5 Bioligical Consequences of Losing Sleep
Not getting enough sleep over a long period of time can have a devastating effect on your body. Learn about some of the main biological consequences of chronic insomnia and when to get help.
Losing sleep isn’t something that our brain or body can put up with for a long time.
Occasional insomnia may be associated with several things. It could be due to stress or a one-time issue. However, this doesn’t present as much of a problem as chronic insomnia.
If you’ve been having trouble falling asleep for three or more months, listen up. And if you aren’t able to get restful sleep and this is affecting your quality of life, pay attention.
The most important thing is to identify the source of the problem.
Sometimes, chronic pain, depression, sleep apnea, or a change in your circadian rhythm due to work may make it difficult for you to sleep. This issue can be treated with therapy.
No matter what, you can’t sit around and wait. If there are several days when you can’t sleep for more than three hours in a row, it would be wise to consult a specialist.
Insomnia isn’t terminal. However, it does take away from your quality of life. Sometimes, it can come from certain diseases that we can’t cure.
As surprising as it might seem, there are many problems that originate from several sleep disorders. In this article, we will talk about them.
The consequences of losing sleep
You’ve probably heard that humans need a minimum of 8 hours of sleep in order to be healthy on more than one occasion.
Honestly, though, when we’re talking about exact numbers, we should exercise a little caution. Sleeping for 8 hours at age 60 isn’t the same as it is for other ages. Also, each person has his/her own needs and gets to know them with time.
- The National Sleep Foundation claims that for those between the ages of 26 to 64, you should sleep between 7 to 9 hours per night. After 64, people usually don’t need as much sleep.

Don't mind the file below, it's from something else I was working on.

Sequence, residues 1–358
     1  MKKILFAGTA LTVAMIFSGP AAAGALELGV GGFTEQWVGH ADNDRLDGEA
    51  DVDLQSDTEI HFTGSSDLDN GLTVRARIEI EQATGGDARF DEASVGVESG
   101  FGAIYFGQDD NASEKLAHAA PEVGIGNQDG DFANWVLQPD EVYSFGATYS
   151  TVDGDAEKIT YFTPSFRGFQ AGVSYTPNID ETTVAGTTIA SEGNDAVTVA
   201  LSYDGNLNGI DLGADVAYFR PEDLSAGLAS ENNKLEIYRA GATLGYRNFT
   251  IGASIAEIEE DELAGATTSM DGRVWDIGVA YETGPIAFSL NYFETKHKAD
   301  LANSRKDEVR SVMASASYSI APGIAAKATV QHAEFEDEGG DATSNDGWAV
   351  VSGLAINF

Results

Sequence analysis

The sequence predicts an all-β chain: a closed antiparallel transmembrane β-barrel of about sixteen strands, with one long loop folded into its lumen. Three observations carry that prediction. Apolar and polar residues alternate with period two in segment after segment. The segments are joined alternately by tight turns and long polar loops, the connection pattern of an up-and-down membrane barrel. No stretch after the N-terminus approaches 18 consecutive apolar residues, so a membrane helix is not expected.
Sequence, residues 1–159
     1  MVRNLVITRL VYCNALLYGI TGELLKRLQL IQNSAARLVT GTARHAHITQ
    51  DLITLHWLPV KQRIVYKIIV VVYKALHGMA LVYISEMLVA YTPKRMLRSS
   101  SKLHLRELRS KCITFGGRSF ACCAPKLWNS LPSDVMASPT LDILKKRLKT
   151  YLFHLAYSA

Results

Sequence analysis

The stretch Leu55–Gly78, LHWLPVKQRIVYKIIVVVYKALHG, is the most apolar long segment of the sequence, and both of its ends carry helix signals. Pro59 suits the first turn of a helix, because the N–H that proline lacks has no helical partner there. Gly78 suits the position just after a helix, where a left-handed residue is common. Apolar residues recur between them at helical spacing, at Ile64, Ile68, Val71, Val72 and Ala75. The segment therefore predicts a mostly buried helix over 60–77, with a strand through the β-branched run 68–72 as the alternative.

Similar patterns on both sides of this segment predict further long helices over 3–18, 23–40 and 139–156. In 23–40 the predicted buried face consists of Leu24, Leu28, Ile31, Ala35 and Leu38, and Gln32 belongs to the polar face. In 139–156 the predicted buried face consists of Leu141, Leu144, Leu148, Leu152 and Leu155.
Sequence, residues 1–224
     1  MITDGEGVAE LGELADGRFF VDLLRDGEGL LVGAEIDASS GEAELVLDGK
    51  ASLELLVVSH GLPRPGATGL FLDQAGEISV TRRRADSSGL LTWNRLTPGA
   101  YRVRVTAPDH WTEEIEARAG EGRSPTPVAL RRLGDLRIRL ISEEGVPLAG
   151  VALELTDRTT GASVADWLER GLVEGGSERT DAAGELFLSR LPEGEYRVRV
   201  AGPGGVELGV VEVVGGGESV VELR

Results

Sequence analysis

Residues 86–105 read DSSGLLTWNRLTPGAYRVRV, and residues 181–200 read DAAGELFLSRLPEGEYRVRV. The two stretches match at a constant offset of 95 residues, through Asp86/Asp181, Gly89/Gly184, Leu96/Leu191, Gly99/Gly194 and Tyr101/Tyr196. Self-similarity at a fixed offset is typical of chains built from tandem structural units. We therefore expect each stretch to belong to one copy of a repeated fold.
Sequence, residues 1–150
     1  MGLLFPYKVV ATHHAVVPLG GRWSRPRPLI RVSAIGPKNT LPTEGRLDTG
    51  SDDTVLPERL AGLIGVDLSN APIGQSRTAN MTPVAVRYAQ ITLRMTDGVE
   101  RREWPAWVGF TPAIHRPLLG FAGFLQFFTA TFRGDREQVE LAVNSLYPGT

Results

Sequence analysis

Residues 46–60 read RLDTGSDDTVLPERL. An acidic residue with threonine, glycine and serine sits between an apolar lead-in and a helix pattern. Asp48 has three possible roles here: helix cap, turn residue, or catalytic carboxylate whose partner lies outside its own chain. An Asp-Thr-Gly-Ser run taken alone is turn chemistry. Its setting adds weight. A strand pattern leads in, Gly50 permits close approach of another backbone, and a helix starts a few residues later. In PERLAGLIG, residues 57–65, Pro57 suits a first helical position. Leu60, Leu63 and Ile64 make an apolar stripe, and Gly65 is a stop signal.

- Children should sleep between 9 to 11 hours per night. This allows their growth hormones to do their very important job.
However, there is a number you should remember, especially when you’re talking about the minimum amount of sleep necessary to function well: 6 hours.
This is because inadequate sleep doesn’t allow your body to repair itself. It also prevents your brain from performing several of its functions and your lymphatic system from doing its job of removing toxins from your body.
Let’s take a look at the main biological consequences of insomnia.
1. Losing sleep changes your intestinal flora.
It’s strange but true. The University of Uppsala in Sweden came to this very same conclusion.
The scientists in charge of the study found that losing sleep over long periods of time reduces the variety of intestinal bacteria species in your intestines.
A lack of these organisms affects your metabolic health. Remember: bad quality intestinal flora has a big impact on your health. Among other things, it can:
- Increase your insulin resistance,
- Increase your weight,
- Weaken your immune system,
- Affect your nutrient absorption.
2. Insomnia can lead to diabetes.
This is important information: losing sleep affects your glucose tolerance. This can cause you to develop diabetes.
- This is a problem that usually affects older people.
- However, being overweight and sleeping less than 6 hours per night is also associated with this problem. This has been indicated by various scientific studies.
3. Losing sleep affects your heart health.
Sleeping three hours less than you need every day can have serious effects on your heart. Imagine for a moment that for the better part of three months you only get 4 or 5 hours of sleep per day.
You might think, “I’m getting enough sleep.” But your body doesn’t see it like that.
- Losing sleep increases tension.
- It alters your metabolism. Your body develops an insulin resistance.
- Losing sleep increases inflammation. The muscles of your heart become more rigid and experience more stress.
Losing sleep, as several studies tell us, is a fierce enemy to your heart.
4. Insomnia affects your memory.
You don’t have to suffer from chronic insomnia to notice the effects that losing sleep have on you. It affects your attention, your ability to respond, and your concentration.
Your memory will be very affected if you don’t sleep enough. Every time the problem becomes chronic, it affects your quality of life.
Activities as common as maintaining a conversation, remembering phrases, or solving easy problems completely change, as several medical investigations tell us.
5. More anxiety, less sleep…Less sleep, more anxiety…
This is a devastating, vicious circle. Stress and anxiety affect the quality of our sleep. However, if the problem becomes chronic, the situation intensifies.
Your body and mind are intimately connected. Because of this, the periodic lack of sleep alters your internal balance, stressing you out even more.
Don’t hesitate to ask for help. Consult a good specialist to get back a good quality of sleep.
After all, “Sometimes, the solution to all the world’s problems lies in a good night’s sleep.”